More than 400 American Jewish clergy asked Israeli Prime Minister Benjamin Netanyahu not to go ahead with new construction in a corridor connecting eastern Jerusalem to the West Bank settlement of Maale Adumim.
When our Brooklyn synagogue recently hosted two former State Department veterans, Elliot Abrams and Robert Malley, a few congregants and even a local merchant objected to our having invited Mr. Abrams, a known “war criminal.”
Similarly, when our synagogue hosted Columbia professor Rashid Khalidi, a Palestinian academic, others claimed our pulpit now had “Jewish blood on its hands.” Another congregant asked, “How can you invite Malley? He and the president hate Jews.”
Nearly 4,000 American Jews have signed a petition from the New Israel Fund in support of Israel's social justice movement.
The petition was published Sept. 2 in the International Herald Tribune in advance of the movement's major demonstration on Sept. 3, which brought out 400,000 Israelis in what some say was the largest protest in Israel's history.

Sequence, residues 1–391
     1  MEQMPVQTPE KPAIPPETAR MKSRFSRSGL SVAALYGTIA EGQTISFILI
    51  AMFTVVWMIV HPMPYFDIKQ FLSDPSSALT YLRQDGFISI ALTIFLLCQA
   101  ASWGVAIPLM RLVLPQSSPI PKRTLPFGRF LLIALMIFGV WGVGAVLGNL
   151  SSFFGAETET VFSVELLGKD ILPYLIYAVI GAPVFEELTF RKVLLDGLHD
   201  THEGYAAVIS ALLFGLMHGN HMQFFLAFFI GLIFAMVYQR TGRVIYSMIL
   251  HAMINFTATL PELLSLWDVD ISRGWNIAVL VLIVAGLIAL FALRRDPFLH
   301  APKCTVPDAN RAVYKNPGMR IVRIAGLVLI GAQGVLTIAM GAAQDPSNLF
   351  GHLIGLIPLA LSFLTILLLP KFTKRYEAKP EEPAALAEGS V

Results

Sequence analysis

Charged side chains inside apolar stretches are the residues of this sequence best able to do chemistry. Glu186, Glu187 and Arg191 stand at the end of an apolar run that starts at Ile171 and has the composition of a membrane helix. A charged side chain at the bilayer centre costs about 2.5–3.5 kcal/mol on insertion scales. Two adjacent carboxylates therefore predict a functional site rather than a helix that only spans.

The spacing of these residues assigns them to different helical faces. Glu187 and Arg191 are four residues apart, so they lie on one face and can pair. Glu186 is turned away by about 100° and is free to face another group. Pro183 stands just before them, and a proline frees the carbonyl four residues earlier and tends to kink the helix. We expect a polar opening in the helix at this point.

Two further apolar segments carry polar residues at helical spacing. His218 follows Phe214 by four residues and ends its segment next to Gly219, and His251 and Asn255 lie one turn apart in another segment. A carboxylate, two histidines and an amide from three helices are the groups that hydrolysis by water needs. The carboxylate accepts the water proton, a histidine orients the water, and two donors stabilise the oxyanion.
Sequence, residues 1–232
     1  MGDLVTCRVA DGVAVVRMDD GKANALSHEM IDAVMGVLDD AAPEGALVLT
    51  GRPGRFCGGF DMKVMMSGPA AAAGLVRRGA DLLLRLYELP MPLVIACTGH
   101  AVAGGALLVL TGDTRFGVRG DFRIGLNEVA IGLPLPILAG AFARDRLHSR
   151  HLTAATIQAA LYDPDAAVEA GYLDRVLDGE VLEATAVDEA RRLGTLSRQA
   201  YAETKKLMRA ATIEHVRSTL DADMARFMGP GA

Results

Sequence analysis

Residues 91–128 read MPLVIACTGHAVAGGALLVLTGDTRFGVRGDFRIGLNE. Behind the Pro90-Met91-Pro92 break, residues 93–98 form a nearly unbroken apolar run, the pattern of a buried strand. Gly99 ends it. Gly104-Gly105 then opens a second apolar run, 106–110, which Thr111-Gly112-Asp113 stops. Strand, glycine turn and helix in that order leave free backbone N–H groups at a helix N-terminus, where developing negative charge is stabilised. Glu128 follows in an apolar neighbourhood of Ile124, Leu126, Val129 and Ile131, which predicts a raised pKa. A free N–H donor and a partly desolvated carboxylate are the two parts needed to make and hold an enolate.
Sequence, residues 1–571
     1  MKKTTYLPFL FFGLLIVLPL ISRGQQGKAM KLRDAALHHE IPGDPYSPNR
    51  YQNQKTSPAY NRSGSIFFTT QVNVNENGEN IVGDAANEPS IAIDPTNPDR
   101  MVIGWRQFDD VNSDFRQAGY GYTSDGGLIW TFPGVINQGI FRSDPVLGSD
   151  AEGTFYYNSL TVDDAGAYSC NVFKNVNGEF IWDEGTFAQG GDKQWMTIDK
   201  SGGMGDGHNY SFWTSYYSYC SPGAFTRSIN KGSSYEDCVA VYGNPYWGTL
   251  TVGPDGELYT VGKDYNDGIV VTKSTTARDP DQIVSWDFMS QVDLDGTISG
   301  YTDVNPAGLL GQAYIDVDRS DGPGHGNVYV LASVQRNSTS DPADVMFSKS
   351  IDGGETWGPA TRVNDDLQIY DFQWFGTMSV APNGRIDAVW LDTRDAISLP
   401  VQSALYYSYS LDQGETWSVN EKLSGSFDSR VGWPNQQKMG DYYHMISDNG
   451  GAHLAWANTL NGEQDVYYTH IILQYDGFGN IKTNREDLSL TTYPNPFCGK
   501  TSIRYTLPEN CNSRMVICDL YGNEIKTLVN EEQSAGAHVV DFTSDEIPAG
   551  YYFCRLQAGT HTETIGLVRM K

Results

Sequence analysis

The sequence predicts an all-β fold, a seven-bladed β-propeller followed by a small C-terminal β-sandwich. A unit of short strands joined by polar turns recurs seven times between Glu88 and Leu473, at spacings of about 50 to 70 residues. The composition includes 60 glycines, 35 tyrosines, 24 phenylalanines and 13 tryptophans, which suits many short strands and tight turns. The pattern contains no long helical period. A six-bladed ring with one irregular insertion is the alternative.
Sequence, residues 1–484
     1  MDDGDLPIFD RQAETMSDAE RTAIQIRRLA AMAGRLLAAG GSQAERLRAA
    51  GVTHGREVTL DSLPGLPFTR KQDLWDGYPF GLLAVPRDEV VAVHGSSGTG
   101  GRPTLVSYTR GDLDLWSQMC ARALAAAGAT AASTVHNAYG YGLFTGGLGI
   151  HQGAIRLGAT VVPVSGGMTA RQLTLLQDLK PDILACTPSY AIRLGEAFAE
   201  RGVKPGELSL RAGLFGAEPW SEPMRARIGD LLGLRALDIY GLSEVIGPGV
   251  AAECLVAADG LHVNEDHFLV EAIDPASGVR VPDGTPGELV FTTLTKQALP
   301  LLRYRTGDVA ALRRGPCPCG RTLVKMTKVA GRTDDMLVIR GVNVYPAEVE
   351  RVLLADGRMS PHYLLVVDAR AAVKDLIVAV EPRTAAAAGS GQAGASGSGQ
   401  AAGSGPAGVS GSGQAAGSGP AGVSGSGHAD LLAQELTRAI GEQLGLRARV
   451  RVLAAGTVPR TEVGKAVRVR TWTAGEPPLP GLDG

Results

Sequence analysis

Pushback is hard as anti-Jacobs group threatens another ad.
Responding to an ad from a small but vocal group of critics who insist that the president-designate of the Union of Reform Judaism is not sufficiently pro-Israel, the movement and its supporters pushed back hard this week with a series of statements and opinion pieces this week defending him.
SAN FRANCISCO (JTA) – Ads questioning the Zionist credentials of the leader-designate of the Reform movement are a distortion, Reform leaders said.
The ad attacking Rabbi Richard Jacobs for not being sufficiently pro-Israel appeared in a number of Jewish newspapers this week. It was placed by a group of Reform Jews calling themselves Jews Against Divisive Leadership.
Okay, he works for the competition and all, but I have to say it: the Forward's J.J. Goldberg nailed it on the issue of Rabbi Richard Jacobs, recently selected as the new president of the Union for Reform Judaism.
WASHINGTON (JTA) -- Enmeshed in the battle against Israel’s delegitimization, mainstream American Jewish organizations are embracing a strategy of acknowledging what’s wrong about Israel as a way of getting across what’s right about the nation.
WASHINGTON (JTA) -- Over 750 rabbis and cantors of all denominations signed a letter urging their Israeli colleagues to speak out against a ruling by 39 municipal rabbis banning renting to non-Jews.
"The recent halakhic ruling from community rabbis in Israel that forbids leasing apartments to non-Jews has caused great shock and pain in our communities," said the letter, initiated by the New Israel Fund. "The attempt to root discriminatory policies based on religion or ethnicity in Torah is a painful distortion of our tradition."